Article submitted by Debra Milstein Gardner, OutSolve Consultant.
On November 8th, Republican candidate Donald J. Trump was elected to be our 45th president. A businessman and real estate developer, President elect Trump will be our first president without any political or military experience. So let’s try to look into our crystal ball and assess how as a Republican and a businessman, his appointment will impact the EEO and affirmative action arena.
We know that Trump and his DOL nominee, Andrew Franklin “Andy” Puzder are anti-government and pro-business. Andy Puzder is currently the chief executive of CKE restaurants, parent company of Hardee’s and Carl’s Jr. He received his Juris doctorate from Washington University School of Law in St. Louis. Prior to his tenure at CKE, he was an accomplished and well-published lawyer speaking openly about his views on minimum wage, the Affordable Care Act, organized labor and the joint employer doctrine.
Specifically, Andy Puzder is:
• Increasing minimum wage to $15/hour, arguing that it would increase costs for consumers, increase automation and lead to fewer jobs.
• DOL’s efforts to change the FLSA’s minimum salary requirements for certain exempt “white-collar” employees arguing that it will make more employees eligible for overtime
• Affordable Care Act
• Sick leave policies
• NLRB’s efforts to change the Joint Employer Standard
In Favor of:
• Increasing minimum wage by a reasonable amount
• Letting business run without too many government interference
• Increasing opportunities for entry-level workers
Neither Trump nor Puzder have had much involvement in EEO and affirmative action; however, they both understand the dynamics of workforce issues and employment concerns. Since we do not know what will ultimately occur until both take office and the OFCCP chair is selected, we can only take a look back at the history of other Republican administrations.
In prior shifts from a Democratic to a Republican administration, there is always fear that EEO and affirmative action laws will be on the chopping block; however, that has not been the case. As shown in the following condensed historical review, many affirmative action laws and initiatives have passed during Republican administrations.
• 1941 (Roosevelt) – E.O. 8802 prohibited government contractors from engaging in employment discrimination based on race, color or national origin. • 1973 (Nixon) – Rehabilitation Act • 1988 (Reagan) – Age Discrimination in Employment Amendments Act • 1990 (Bush) – Americans with Disabilities Act • 1990 (Bush) – Older Workers Benefit Protection Act • 1991 (Bush) – Civil Rights Act of 1991 • 2008 (George W. Bush) – Genetic Information Nondiscrimination Act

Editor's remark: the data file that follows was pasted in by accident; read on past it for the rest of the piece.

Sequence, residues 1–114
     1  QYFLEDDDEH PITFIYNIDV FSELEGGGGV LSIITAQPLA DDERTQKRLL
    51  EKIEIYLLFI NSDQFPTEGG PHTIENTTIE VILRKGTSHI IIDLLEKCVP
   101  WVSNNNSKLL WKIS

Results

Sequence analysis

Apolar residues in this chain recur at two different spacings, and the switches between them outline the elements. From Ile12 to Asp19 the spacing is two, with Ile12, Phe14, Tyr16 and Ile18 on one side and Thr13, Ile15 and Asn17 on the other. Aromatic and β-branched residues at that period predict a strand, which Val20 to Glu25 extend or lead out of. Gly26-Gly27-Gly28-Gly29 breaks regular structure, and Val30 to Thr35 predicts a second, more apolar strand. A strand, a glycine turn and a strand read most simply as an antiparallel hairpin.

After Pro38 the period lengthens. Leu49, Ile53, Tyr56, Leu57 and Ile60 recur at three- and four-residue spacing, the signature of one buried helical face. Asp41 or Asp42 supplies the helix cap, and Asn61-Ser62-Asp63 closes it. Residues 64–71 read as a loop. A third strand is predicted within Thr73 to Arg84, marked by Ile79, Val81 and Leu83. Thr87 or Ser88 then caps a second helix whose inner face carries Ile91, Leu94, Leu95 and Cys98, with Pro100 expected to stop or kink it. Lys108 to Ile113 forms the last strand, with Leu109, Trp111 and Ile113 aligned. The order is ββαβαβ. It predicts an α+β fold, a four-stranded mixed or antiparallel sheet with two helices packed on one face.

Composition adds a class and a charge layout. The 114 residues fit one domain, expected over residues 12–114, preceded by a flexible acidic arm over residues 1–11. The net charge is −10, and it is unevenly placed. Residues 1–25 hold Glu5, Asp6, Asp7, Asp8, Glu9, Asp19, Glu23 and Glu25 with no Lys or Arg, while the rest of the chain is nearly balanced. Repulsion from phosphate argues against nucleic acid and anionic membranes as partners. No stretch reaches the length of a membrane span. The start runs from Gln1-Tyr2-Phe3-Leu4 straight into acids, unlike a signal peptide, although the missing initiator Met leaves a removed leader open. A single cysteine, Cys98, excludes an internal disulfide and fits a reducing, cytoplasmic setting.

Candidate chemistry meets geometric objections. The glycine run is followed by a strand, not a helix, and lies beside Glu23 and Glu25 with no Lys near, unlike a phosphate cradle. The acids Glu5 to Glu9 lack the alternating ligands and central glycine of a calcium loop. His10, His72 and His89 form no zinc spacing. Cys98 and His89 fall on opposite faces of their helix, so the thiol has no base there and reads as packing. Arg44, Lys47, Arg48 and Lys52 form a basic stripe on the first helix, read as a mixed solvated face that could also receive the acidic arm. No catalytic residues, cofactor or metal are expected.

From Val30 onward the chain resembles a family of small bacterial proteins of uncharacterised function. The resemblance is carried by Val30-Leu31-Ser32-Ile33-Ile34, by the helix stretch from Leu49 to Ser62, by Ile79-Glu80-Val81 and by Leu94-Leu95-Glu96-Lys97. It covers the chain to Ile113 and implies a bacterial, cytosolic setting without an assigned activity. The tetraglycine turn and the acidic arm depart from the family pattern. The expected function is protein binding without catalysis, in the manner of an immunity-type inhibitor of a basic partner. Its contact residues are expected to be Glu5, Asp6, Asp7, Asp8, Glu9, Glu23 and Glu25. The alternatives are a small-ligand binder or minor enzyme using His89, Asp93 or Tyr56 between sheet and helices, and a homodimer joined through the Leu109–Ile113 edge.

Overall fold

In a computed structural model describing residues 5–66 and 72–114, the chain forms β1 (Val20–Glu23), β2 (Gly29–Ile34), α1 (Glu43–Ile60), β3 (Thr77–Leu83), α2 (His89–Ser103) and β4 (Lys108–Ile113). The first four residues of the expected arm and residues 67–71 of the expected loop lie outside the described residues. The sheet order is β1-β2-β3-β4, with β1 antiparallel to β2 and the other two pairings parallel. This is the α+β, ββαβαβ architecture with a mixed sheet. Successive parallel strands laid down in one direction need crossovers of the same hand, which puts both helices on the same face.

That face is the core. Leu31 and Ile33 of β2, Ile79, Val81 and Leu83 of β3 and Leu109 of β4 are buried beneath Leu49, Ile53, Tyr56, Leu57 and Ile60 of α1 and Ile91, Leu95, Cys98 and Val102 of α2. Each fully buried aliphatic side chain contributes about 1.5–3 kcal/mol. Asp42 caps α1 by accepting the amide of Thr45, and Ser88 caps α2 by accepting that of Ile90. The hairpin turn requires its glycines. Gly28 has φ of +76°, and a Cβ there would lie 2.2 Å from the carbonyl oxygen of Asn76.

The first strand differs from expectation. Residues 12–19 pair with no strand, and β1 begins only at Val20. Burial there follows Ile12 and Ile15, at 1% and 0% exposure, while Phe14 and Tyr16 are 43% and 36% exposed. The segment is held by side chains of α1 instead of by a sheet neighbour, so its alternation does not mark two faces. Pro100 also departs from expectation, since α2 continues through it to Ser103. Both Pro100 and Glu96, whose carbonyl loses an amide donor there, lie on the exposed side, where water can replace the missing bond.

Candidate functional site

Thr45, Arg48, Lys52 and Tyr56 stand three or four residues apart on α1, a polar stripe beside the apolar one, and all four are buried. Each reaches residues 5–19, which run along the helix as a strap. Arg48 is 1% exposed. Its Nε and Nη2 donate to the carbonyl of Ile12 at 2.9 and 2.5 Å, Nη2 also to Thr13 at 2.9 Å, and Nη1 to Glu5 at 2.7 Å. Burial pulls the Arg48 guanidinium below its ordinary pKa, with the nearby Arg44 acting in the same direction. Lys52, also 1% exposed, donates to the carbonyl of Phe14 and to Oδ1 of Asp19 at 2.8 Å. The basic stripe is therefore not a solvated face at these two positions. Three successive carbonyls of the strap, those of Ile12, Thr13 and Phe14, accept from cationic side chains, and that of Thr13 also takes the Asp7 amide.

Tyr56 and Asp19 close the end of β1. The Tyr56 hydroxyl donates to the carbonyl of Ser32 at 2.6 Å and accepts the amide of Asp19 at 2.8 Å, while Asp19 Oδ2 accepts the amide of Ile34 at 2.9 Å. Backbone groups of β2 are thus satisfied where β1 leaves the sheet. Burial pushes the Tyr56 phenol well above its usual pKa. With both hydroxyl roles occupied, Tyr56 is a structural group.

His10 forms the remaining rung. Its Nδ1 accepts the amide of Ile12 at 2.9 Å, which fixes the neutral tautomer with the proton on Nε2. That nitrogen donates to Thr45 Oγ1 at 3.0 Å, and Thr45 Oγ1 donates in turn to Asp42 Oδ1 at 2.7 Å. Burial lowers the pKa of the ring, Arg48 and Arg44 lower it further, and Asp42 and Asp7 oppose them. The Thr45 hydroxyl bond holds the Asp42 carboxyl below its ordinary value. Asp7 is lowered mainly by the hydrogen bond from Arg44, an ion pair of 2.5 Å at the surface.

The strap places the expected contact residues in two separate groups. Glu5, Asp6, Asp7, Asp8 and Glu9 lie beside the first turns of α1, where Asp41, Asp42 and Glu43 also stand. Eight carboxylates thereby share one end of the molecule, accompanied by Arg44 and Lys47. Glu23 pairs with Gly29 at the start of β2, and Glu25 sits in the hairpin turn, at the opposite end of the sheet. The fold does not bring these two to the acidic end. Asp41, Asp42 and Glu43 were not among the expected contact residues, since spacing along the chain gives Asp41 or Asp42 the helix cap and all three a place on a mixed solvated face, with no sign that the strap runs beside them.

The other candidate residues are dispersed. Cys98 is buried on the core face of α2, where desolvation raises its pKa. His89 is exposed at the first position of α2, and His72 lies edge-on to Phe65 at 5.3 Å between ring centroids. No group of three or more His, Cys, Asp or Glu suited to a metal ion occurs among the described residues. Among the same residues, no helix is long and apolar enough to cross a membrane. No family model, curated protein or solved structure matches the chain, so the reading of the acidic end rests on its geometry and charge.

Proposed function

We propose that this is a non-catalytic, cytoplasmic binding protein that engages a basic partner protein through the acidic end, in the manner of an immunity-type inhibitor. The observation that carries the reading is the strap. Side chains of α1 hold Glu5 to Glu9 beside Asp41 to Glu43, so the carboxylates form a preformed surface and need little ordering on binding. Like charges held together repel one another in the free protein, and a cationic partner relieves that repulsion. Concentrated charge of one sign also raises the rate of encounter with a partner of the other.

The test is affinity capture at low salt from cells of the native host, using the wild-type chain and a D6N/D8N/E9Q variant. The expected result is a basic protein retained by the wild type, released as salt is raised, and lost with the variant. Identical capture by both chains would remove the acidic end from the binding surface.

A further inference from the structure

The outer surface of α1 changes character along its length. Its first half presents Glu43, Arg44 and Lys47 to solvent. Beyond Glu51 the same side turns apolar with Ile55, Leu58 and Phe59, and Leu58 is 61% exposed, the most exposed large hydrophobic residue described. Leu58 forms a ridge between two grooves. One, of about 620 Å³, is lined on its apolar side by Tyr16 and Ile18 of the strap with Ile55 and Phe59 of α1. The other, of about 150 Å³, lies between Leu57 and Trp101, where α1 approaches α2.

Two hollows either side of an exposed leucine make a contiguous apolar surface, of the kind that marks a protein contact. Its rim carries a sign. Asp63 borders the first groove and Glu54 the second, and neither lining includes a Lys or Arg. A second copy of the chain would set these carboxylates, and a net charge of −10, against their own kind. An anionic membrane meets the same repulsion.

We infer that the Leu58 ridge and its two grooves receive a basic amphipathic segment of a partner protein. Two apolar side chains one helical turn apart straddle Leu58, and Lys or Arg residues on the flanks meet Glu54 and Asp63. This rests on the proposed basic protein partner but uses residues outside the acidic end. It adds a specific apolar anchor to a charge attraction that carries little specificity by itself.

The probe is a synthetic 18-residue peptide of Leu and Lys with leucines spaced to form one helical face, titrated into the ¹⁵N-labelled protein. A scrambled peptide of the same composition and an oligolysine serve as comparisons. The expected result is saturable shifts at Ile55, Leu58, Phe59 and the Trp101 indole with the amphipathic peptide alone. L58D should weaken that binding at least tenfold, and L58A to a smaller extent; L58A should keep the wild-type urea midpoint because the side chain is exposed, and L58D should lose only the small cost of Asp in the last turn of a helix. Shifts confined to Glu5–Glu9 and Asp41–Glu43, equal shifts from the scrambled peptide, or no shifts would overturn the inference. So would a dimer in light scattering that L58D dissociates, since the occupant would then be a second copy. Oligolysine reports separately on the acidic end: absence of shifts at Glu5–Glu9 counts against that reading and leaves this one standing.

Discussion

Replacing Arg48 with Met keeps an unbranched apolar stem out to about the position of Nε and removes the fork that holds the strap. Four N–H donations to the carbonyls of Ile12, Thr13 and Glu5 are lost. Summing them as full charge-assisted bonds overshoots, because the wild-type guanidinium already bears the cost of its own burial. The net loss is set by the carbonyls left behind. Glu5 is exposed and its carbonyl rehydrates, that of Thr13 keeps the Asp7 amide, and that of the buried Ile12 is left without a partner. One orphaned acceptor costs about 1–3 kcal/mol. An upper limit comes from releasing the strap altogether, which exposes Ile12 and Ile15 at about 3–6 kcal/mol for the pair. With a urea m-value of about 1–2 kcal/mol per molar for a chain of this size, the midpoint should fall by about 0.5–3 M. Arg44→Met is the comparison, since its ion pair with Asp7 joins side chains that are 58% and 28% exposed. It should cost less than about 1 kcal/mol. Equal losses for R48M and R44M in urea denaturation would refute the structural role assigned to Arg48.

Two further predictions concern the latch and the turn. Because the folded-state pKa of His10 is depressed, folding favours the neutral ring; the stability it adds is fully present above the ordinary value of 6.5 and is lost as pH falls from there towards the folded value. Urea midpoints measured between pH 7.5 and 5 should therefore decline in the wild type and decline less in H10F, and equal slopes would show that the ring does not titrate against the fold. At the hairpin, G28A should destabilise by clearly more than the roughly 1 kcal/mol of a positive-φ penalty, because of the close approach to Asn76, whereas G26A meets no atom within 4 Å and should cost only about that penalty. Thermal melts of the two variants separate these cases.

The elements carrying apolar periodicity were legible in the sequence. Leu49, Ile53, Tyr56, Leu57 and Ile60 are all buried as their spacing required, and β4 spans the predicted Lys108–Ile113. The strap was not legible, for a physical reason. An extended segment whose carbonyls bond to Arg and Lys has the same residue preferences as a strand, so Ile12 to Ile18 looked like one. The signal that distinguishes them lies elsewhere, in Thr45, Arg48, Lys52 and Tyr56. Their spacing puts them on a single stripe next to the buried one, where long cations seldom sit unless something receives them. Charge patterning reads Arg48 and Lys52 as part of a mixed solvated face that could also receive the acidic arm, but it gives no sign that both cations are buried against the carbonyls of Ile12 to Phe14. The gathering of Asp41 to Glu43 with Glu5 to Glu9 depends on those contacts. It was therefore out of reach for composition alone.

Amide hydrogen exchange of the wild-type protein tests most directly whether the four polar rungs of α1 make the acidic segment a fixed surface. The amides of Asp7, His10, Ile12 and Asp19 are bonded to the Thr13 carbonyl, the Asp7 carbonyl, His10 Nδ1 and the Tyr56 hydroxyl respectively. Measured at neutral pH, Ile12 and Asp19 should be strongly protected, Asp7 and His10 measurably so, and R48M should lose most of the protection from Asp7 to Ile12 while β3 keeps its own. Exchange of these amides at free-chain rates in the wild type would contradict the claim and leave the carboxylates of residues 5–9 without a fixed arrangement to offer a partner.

We cannot anticipate who will be selected by Puzder to chair the OFCCP nor can we predict the exact impact of the Trump administration on employment laws. Give the anti-regulation/government and pro-business stance of both Trump and Puzder, it is a safe bet to say that there will be changes. Some of those changes that are anticipated include:
• Rescinding the Fair Pay and Safe Workplace (“Blacklisting”) Executive Order 13673. A federal judge has already enjoined most of the final rule, based on principals of due process and overreach of the Executive Branch’s authority. Only the Paycheck Transparency portion of the Blacklisting rule survived and it is scheduled to become effective on January 1, 2017.
• EEOC rethinking and/or rescinding its revision of the EEO-1 Report to collect annual summary pay data and aggregate hours worked. Trump communicated the importance of equal pay but Vice President-Elect Mike Pence has been opposed to pay equity legislation.
• With the selection of a new EEOC chair and a new general counsel, there could be a change in current EEOC position on LGBT rights under Title VII. Even though Trump is supportive of LGBT rights, Pence’s record is contrary.
• If there is a change in EEOC’s position on LGBT then the same could occur for OFCCP’s E.O. that included nondiscrimination provisions for workers based on sexual orientation or gender.
• Proposed six weeks of paid maternity leave for mothers who do not receive paid leave from their employer. The leave would be funded through the existing Unemployment Insurance system.
Trump has stated that he will revoke most of President Obama’s executive orders in his few days in office. We will have to wait to see if that occurs; however, we can expect that Trump will ease some of the regulations for federal contractors.
This article is for educational purposes only and is not intended as legal advice.